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Larson hopes to spark youth involvement as mayor

EDITOR'S NOTE: Four candidates are competing to become Mitchell's next mayor, replacing Mayor Jerry Toomey, who is retiring. The winner of the June 5 vote will serve a three-year term. The four candidates, in alphabetical order, are Bob Everson, ...

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EDITOR'S NOTE: Four candidates are competing to become Mitchell's next mayor, replacing Mayor Jerry Toomey, who is retiring. The winner of the June 5 vote will serve a three-year term. The four candidates, in alphabetical order, are Bob Everson, Steven Larson, Mel Olson and Tara Volesky. Candidate profiles will appear over four consecutive days.

 

Bio: Steve Larson, 28, moved to Mitchell in 1998. His father was a Marine and the family moved frequently. Larson earned a Bachelor of Arts at Buena Vista University in Storm Lake, Iowa, located about 40 minutes south of Okoboji.

He works as a systems technician at Larson Data Communications, a total solutions provider of wireless data communications. This campaign for mayor is his first foray into politics.

 

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Lake: The phosphorus problem at Lake Mitchell is only getting worse. The large watershed which supplies Firesteel Creek makes the lake, in essence, a collection pond for trapping phosphorus, he said.

Phosphorus is a finite, limited, resource, Larson said, and its reclamation presents an opportunity. It's a budding science, he said, performed currently only in water treatment holding ponds rather than lakes, but it could pay for part of the lake cleanup.

"It won't pay for itself yet," Larson said.

The plan would require additional investment up front, "But we have an opportunity to lead the world in being green while making our lake not green," Larson said.

He supports dredging. "It will reset the lake," he said. The city would still need to address the phosphorus coming in with watershed runoff going forward.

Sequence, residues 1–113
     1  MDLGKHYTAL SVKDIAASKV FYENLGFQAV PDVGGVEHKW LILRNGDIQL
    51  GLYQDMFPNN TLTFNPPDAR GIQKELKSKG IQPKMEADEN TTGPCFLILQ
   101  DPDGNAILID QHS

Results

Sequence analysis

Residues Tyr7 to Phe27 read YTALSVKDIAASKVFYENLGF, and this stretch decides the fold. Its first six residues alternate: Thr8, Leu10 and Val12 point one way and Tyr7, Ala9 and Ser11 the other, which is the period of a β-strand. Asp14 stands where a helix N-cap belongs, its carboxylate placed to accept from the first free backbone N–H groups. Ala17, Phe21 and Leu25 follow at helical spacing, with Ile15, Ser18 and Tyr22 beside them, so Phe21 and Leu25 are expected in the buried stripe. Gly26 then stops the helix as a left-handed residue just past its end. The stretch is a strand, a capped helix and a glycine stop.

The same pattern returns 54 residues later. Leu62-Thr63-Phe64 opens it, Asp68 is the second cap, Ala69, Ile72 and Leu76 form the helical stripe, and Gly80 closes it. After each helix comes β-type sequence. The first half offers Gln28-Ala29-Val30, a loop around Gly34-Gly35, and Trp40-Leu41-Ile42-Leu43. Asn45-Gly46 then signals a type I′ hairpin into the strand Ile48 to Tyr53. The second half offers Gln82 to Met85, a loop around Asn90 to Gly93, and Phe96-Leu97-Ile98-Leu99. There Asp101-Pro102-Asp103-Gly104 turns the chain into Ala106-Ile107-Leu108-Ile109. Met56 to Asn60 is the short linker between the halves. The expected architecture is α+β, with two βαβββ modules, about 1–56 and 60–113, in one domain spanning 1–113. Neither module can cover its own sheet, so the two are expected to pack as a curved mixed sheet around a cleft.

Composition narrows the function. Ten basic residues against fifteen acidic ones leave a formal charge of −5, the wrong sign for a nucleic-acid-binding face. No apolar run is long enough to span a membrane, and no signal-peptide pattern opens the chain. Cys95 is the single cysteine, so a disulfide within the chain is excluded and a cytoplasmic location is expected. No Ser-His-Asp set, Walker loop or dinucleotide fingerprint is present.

Main Street: Mitchell has a workforce mismatch, Larson said. It needs more highly skilled workers and a number of people are underemployed.

In the past, he said, the city initiated a program to create additional housing in Mitchell, and now the city needs to step up and help find workers.

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People need jobs that make the homes in Mitchell affordable, he said.

The city needs to find a program, create an incentive and do what is necessary to find more people to fill the need for skilled workers.

 

Politics: Larson hopes to spark more involvement in the younger generation that will inherit Mitchell.

"I'd like to get my generation involved," he said. He feels it currently isn't involved enough.

When it comes to the lake, "We're the generation of residents that have to tackle this and find a sustainable solution," he said.

The youth vote could make a difference in the race for mayor, Larson said.

"In towns like Mitchell, an individual vote matters," he said.

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He noted that by using absentee ballots, it's fast and easy for anyone to vote.

 

Why is he running for mayor?

Mitchell appears to keep getting caught off guard by issues that should have been foreseeable, in his opinion. The city was completely unprepared on the issue of the indoor pool, he said, and it ended up diverting funds from the planned construction of a new city hall.

"The lake has been going downhill for 90 years," he said.

In parts of Mitchell, he said, rust from aging pipes is turning laundry red.

"We should not be blindsided," Larson said.

 

Full-time mayor: Larson believes Mitchell needs a full-time mayor. The job pays a little more than $30,000 and lacks benefits, he said, so it's mostly open to people who are retired.

City Administrator Stephanie Ellwein "is an absolute asset to the town," he said, but Mitchell needs a full-time mayor.

"We need to make the commitment to making Mitchell better," Larson said.

 

Leadership: Larson promises to lead by example.

He will start by learning and doing.

"I need to know what I don't know before I can learn it."

He wants to get busy making Mitchell better.

"Don't complain if you don't want to do something about it," he said.

His background of working with and in a number of different cities has exposed him to broader views, he said.

"I bring a fresher perspective," Larson said.

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